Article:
Encyclopedia of Anti-Revisionism On-Line

Communist Workers Movement

The “Absolute Decline” of the Communist Party of Britain (Marxist-Leninist)

On the Class Line

We have stated elsewhere that the line is not an invention of the mind, a notion, an idea....it is a living reality, a reflection of concrete real events, tasks and responsibilities, which when grasped and carried through advance the revolutionary movement of the masses.

This has never been understood by the party.

Each time the so-called line has emerged, it has been invented, rather than discovered, presented for implementation as a brilliant new thesis, perhaps totally new, never before stated; it has been a finished product to accept or reject – not a basic understanding which grows and develops in the crucible of real social practice. It is therefore not surprising that any questioning or attempts to advance or mould the line through real practice or new understanding are blocked, rejected and labelled by such epithets as “heretic”, “trotskyite”, or even more simply, “we discussed that ages ago.” Nowhere is that clearer than our class line.

The CPBM-L decided there were two classes in Britain and two classes there shall be! There is no need for further understanding or analysis. They even quoted Marx and the Communist Manifesto to prove this assertion...The Communist Manifesto was correctly revealing the natural laws of development of capitalist society and we accept that more than any other imperialist country, at any other time, these predictions of the Manifesto have been verified in Britain. The peasantry has effectively disappeared.... “in the face of Modern Industry”, and every occupation “...has been stripped of its halo”..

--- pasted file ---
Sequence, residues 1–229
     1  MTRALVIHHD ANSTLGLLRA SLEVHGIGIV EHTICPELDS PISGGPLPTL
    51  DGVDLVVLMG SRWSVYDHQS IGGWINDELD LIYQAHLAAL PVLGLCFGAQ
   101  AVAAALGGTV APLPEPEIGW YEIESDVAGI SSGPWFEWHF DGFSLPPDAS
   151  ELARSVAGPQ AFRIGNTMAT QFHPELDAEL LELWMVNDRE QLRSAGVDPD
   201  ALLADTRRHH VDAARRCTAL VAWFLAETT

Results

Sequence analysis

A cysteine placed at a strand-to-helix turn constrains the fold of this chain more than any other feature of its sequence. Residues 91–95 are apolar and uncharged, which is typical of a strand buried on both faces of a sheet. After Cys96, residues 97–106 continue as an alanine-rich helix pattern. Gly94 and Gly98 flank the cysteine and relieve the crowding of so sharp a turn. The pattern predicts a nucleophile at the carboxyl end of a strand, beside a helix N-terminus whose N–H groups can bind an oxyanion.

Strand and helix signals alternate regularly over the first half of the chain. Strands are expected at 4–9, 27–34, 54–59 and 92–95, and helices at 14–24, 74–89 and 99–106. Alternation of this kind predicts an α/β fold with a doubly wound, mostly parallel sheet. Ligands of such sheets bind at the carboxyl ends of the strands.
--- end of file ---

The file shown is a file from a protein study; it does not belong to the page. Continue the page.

But it is not enough to say there are only two classes – those who sell their labour power and those who exploit the labour of others...and leave it at that for neither of these two classes is homogenous from the standpoint of revolution. We still from this standpoint have to ask the question....“Who are our friends? Who are our enemies? This is a question of first importance for the revolution.

The party states: no petty bourgeoisie exists with interests separate from those of the bourgeoisie. (Polemic document) Yet surely within the bourgeoisie there are different forms of interests. The bourgeoisie has been forced to create new forms of existence to survive, producing contradictions in its ranks with the old and the future...Petty bourgeois ideology is not identical with bourgeois ideology. How can the corner shopkeeper have the same interests as the big monopolist?

Similarly the working class is not homogenous, there are differences within it, differing levels of class consciousness. The key is the industrial proletariat. This is the vanguard not because we want it that way, but because capitalism has made it that way. It is certainly not because they are more unionised or more militant, but rather because they stand in direct relationship to the production of commodities. The exploitation of their labour power produces direct and immediate relations and conflict between exploiter and exploited, between the employing class and the employed. It is here that the richest revolutionary traditions develop.

As Mao says in “Analysis of Classes in Chinese Society”, “We must unite with real friends in order to attack real enemies.” Only through analysis of our bourgeoisie and proletariat can we mobilise the broadest sectors of people in Britain for revolution. These then are our tasks and responsibilities for the understanding of a mass class line for Britain.